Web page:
Most people will be prescribed antibiotics for a bacterial infection at some point, but they can seriously affect your gut. The good news is that there are things you can do to keep your microbiome flourishing.
Antibiotics treat bacterial infections, but they often cause side effects, especially for your gut and its resident ecosystem of bacteria. Some foods can help to manage the fallout, while others might make them worse. So knowing what foods to eat when taking antibiotics is helpful.
The ecosystem of beneficial and harmless bacterial cells in your colon is called a gut microbiome, and it's essential for your whole body. However, antibiotics do not distinguish between good and bad bacteria, and this can have long-term consequences for the health of your microbiome.
Table of contents
- What’s an antibiotic?
- Antibiotic risks for good gut bacteria and health
- Why should you take probiotics with antibiotics
- Taking probiotics with antibiotics
- When to take antibiotics - before or after food?
- Taking antibiotics with food: combinations to avoid
When a bacterial infection takes hold, antibiotics may be the only line of defence, but they come with side effects like an upset stomach after antibiotics and diarrhoea. They also put women at risk of getting vaginal yeast infections.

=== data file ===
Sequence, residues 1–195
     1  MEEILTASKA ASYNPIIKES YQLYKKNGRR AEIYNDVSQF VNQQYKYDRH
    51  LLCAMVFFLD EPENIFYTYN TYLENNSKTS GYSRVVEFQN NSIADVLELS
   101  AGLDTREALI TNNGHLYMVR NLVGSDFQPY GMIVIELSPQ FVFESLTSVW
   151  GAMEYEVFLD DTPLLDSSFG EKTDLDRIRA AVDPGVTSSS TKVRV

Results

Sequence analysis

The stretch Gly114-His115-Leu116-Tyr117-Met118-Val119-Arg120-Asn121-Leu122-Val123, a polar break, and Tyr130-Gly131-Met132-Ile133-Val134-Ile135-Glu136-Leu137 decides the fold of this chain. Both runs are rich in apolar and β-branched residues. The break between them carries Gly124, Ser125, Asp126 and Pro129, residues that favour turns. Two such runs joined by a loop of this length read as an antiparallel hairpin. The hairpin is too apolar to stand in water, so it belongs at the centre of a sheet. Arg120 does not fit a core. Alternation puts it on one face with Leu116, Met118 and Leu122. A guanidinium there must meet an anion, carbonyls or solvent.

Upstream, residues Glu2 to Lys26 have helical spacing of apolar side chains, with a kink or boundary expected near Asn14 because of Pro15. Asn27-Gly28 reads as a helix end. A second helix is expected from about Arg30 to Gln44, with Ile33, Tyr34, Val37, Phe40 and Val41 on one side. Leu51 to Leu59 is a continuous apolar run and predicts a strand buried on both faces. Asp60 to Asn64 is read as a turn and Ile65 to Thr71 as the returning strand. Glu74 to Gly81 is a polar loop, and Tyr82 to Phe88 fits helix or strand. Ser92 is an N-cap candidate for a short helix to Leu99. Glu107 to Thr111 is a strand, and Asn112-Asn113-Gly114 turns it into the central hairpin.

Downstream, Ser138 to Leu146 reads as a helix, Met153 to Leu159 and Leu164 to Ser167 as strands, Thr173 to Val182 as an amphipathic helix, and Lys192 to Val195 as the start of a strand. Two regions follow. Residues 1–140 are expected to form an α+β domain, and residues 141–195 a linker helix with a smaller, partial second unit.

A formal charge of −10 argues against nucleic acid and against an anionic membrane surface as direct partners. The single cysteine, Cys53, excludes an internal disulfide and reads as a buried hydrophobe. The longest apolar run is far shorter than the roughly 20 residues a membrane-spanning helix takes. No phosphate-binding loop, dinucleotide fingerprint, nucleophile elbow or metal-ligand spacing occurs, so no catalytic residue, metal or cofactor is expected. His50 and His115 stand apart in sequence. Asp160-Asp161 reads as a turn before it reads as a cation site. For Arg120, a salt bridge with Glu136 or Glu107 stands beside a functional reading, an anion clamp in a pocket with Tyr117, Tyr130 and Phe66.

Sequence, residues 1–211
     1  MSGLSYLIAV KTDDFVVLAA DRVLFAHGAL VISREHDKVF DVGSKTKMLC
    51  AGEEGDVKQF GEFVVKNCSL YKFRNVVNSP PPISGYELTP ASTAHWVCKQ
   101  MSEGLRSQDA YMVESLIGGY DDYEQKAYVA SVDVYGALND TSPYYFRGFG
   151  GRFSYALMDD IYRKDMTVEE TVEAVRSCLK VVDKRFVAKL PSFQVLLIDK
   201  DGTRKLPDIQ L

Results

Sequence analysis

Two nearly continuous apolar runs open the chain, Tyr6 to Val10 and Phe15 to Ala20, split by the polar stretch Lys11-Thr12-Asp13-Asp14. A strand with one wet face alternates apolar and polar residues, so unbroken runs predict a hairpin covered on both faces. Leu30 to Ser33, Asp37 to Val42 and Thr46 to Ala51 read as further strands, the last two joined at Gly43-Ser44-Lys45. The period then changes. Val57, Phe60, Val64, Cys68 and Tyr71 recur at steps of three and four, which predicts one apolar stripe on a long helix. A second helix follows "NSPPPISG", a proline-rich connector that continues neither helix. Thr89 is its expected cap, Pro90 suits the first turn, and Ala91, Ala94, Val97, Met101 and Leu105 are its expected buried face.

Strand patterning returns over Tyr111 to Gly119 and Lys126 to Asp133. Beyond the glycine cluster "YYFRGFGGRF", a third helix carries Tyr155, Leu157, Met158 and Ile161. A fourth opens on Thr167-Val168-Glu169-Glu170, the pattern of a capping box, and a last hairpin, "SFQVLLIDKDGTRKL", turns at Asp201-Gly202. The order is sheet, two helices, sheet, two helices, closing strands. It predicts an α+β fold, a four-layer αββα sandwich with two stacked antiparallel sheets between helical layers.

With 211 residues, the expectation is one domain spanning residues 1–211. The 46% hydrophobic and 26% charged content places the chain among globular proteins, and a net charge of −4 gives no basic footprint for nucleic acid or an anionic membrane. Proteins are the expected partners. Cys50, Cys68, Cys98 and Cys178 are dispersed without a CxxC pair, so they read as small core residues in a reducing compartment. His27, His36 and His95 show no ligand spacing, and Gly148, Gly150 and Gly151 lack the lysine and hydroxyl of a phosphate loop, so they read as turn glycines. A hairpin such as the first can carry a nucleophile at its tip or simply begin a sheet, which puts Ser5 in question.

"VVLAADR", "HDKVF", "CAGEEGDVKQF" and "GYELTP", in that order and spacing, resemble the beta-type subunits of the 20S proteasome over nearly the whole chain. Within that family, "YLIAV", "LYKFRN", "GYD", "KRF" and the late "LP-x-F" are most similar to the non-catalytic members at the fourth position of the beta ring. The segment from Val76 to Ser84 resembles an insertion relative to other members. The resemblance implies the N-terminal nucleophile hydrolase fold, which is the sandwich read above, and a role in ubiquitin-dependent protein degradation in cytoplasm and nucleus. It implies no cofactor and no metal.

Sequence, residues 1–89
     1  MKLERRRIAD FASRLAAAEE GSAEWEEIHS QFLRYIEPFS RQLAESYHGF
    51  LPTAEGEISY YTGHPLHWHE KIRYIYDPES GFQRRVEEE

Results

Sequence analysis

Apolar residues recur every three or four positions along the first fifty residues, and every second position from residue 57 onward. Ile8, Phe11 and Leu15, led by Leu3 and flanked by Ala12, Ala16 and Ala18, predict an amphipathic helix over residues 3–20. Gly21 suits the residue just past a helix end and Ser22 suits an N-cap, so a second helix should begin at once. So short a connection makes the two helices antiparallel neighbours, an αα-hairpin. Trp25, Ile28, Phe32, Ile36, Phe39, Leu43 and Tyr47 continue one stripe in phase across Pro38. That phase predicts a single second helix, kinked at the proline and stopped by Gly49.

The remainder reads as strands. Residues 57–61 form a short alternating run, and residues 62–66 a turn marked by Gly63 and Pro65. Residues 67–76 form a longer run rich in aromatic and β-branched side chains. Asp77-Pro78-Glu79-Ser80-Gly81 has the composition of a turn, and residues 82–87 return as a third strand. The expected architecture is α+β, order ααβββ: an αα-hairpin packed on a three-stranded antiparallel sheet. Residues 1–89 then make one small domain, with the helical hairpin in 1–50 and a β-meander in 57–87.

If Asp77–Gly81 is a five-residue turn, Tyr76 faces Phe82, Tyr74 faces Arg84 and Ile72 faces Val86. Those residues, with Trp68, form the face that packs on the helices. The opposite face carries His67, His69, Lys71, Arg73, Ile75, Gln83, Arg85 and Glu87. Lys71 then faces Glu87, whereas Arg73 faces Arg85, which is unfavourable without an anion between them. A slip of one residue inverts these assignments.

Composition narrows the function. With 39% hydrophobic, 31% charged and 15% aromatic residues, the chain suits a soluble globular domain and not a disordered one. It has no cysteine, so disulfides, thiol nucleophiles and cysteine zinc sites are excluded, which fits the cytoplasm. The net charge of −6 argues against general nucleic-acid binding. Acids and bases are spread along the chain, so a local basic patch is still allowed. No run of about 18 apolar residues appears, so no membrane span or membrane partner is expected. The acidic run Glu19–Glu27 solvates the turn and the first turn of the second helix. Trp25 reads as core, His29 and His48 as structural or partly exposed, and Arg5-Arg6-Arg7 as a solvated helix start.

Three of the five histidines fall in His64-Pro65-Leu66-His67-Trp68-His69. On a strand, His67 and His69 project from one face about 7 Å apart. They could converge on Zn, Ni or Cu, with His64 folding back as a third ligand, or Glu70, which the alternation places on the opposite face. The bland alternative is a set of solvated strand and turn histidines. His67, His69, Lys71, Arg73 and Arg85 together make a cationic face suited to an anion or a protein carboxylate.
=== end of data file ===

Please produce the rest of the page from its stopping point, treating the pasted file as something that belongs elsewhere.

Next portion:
However, antibiotics are poorly understood by the general public, so let’s look at the benefits of antibiotics probiotics taken together and how to restore gut flora after antibiotics.
Antibiotics are an important tool against bacterial infections. Depending on what class of antibiotic it is, this medication will stop the infection from spreading by one of two ways: killing bacteria, or by preventing them from reproducing.
Some are broad-spectrum (to be used when the cause of the infection is unclear, or there is no targeted treatment for that bacterium), but that means they attack many kinds of bacteria, including the beneficial ones that help keep your gut healthy. Others are specialised: they target specific bacteria.
Antibiotics are usually prescribed to help fight infections caused by pathogenic bacteria. They don’t work against viruses or fungi, which is why they can only be prescribed by doctors and should only be used when absolutely necessary.
That’s because your gut microbiome is critical for your health. It's involved in immune system function, body weight, and even brain health. However, antibiotics can lower the diversity of microbes present in your gut, causing imbalances that increase the risk of inflammation and lower your protection from diseases.
The use of antibiotics during pregnancy, in newborns and infants, is especially problematic because the gut microbiome develops in early life and, during that period, it educates the immune system.
Infants who are exposed to antibiotics either before or after birth have been shown to have fewer health-promoting microbes like Bifidobacteria and Lactobacillus that are dominant members of the infant microbiome.